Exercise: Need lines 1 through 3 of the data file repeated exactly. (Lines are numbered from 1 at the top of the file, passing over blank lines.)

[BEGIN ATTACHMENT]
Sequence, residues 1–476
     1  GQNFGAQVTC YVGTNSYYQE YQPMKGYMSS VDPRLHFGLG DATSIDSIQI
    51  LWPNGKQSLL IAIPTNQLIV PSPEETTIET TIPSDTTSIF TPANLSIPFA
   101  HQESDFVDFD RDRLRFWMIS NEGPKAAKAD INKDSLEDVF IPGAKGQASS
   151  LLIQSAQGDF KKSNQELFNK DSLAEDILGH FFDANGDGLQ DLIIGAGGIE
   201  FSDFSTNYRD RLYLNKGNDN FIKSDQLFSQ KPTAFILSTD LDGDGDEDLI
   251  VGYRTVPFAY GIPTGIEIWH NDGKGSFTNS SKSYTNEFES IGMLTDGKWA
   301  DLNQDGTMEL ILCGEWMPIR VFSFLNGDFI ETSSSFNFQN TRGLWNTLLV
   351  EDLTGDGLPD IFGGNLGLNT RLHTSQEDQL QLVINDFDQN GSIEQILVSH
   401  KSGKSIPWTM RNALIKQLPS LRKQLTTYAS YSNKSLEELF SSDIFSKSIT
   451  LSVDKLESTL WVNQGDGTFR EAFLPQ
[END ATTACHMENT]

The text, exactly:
Sequence, residues 1–476
     1  GQNFGAQVTC YVGTNSYYQE YQPMKGYMSS VDPRLHFGLG DATSIDSIQI
    51  LWPNGKQSLL IAIPTNQLIV PSPEETTIET TIPSDTTSIF TPANLSIPFA